All posts in Blogging

  • Blog Posting Formats Best Defined by Type of Blog

    A few years ago blogger Amy Gahran introduced a series of posts about blog posting formats in which she outlined seven styles:

    1. Link-only
    2. Link blurb
    3. Brief remark
    4. List
    5. Short article
    6. Long article
    7. Series postings

    (I'll let you read her post to get more detail.) 

    Well, that was then, this is now as they say. Blog posting formats are better defined today by the type of blog than the particular style. Instead of seven, you now have three: Long-form, short-form or micro-blogging. 

    Long-form

    Bloggers have gotten quite verbose in recent years. Some posts resemble essays containing hundreds of words or more. These tend to be (hopefully) more well-researched and almost article-like in their composition. Case in point, Jeremiah Owyang's blog Web Strategist Brian Solis. (See comment from Jeremiah below.) My, that man can write! His are some of the most thoughtful compositions I've seen. (That's true of both men.)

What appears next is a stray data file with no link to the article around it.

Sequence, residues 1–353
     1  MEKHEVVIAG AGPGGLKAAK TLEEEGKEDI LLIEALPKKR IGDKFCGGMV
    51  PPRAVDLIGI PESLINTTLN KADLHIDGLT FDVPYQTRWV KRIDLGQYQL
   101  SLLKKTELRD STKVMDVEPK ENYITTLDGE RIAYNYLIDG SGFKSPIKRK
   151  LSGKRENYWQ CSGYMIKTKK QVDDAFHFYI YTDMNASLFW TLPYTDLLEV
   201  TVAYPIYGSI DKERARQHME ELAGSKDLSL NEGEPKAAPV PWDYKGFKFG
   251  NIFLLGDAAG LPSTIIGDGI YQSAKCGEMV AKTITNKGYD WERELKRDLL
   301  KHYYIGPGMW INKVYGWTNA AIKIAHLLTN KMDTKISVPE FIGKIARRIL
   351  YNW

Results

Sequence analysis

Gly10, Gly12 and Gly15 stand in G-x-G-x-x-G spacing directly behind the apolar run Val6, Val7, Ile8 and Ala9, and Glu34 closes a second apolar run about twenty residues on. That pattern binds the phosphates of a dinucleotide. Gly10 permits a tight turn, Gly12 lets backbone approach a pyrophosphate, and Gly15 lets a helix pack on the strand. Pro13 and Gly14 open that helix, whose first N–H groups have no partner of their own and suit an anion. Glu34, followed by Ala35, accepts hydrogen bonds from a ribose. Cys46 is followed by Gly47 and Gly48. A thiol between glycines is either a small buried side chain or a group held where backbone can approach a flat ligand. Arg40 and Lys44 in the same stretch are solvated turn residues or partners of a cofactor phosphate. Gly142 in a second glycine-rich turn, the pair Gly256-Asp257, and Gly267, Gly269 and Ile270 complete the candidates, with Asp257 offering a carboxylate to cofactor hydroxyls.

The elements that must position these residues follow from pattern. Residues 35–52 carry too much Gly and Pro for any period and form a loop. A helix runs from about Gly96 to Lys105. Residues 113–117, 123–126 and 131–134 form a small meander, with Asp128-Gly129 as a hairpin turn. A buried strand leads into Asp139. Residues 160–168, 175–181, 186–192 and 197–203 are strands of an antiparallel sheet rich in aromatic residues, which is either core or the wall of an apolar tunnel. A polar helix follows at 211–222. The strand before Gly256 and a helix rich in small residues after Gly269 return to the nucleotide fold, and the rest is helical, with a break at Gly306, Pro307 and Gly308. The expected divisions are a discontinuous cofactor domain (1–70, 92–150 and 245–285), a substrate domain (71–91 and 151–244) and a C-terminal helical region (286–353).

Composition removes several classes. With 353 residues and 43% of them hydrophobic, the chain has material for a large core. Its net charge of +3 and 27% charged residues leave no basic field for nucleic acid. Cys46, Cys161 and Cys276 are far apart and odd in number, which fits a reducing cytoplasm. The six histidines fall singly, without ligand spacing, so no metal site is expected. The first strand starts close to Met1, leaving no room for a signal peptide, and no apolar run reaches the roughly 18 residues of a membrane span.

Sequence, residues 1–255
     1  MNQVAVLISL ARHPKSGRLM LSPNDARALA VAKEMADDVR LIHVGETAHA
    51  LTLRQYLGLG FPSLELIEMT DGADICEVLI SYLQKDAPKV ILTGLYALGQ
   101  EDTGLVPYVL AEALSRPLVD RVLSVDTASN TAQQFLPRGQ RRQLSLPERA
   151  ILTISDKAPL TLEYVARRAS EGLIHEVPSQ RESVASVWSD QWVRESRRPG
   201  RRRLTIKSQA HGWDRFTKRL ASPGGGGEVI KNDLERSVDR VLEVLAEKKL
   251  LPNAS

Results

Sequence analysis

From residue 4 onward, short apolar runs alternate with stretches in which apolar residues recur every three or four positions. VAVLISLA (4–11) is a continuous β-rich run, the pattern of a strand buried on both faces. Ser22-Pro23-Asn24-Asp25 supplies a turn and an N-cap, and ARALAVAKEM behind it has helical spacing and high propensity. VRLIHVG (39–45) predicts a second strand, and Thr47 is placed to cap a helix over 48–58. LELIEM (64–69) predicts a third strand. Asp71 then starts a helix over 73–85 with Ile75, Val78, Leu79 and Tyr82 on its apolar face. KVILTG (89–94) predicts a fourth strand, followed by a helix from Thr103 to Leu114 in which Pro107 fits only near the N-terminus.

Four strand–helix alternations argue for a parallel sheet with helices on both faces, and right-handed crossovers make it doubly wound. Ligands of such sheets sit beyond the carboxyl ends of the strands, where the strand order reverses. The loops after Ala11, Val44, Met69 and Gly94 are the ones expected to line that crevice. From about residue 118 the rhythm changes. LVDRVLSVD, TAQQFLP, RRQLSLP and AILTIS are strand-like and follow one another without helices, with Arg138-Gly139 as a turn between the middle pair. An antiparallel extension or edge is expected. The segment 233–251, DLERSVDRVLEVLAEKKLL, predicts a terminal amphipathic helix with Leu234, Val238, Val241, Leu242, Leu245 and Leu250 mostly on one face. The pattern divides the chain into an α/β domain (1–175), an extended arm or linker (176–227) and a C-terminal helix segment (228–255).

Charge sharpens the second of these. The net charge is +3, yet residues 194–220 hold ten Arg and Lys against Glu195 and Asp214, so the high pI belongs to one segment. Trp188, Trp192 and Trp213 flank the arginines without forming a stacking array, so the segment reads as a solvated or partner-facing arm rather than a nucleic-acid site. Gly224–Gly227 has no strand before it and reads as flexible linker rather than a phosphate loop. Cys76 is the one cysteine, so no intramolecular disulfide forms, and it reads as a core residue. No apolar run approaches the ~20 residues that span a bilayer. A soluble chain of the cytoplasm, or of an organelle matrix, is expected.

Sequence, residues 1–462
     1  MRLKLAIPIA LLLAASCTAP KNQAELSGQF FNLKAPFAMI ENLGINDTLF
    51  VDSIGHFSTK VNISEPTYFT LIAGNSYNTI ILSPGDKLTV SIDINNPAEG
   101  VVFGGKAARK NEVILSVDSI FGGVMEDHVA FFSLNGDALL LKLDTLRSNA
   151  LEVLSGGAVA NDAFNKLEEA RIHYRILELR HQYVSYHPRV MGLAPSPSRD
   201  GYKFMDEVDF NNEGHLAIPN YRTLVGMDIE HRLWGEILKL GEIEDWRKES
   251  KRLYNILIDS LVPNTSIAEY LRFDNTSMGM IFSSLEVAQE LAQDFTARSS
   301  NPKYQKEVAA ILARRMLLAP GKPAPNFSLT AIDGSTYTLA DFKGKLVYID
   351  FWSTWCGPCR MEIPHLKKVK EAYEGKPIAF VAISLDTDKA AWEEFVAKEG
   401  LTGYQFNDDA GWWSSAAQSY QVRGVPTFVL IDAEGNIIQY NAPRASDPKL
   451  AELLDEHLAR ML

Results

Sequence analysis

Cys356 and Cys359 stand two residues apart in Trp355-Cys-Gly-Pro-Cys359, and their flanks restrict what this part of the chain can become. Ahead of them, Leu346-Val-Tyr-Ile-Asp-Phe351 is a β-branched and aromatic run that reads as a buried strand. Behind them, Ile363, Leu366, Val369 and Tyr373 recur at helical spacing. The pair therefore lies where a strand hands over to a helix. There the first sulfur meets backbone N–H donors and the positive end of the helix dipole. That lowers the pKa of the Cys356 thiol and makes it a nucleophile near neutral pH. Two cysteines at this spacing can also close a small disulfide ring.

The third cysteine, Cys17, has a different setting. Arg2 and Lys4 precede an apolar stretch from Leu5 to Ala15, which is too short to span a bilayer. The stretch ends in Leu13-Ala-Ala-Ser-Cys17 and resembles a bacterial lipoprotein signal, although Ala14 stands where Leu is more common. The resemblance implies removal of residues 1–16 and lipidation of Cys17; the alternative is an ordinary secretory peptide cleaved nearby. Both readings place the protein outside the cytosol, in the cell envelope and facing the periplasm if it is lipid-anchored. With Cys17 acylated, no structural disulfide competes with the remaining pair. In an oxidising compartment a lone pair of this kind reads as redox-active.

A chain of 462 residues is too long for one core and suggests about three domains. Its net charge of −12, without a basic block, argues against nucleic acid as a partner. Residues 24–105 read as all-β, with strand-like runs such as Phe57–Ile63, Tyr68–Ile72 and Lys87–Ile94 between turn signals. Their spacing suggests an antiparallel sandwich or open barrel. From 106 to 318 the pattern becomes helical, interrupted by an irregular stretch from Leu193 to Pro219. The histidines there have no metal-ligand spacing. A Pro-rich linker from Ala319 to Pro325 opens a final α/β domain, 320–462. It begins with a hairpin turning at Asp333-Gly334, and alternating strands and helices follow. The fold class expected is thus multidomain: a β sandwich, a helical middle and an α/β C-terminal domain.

There is no one particular "long-form" blogging platform. Any of the traditional ones are suited to that purpose. Where the difference really evidences itself is in a newer form of blogging commonly called short-form.

    Short-form

    This style of blogging is a good fit for when more traditional (i.e. long-form) "blogging is too much and tweeting is too little," to quote Damien Basille.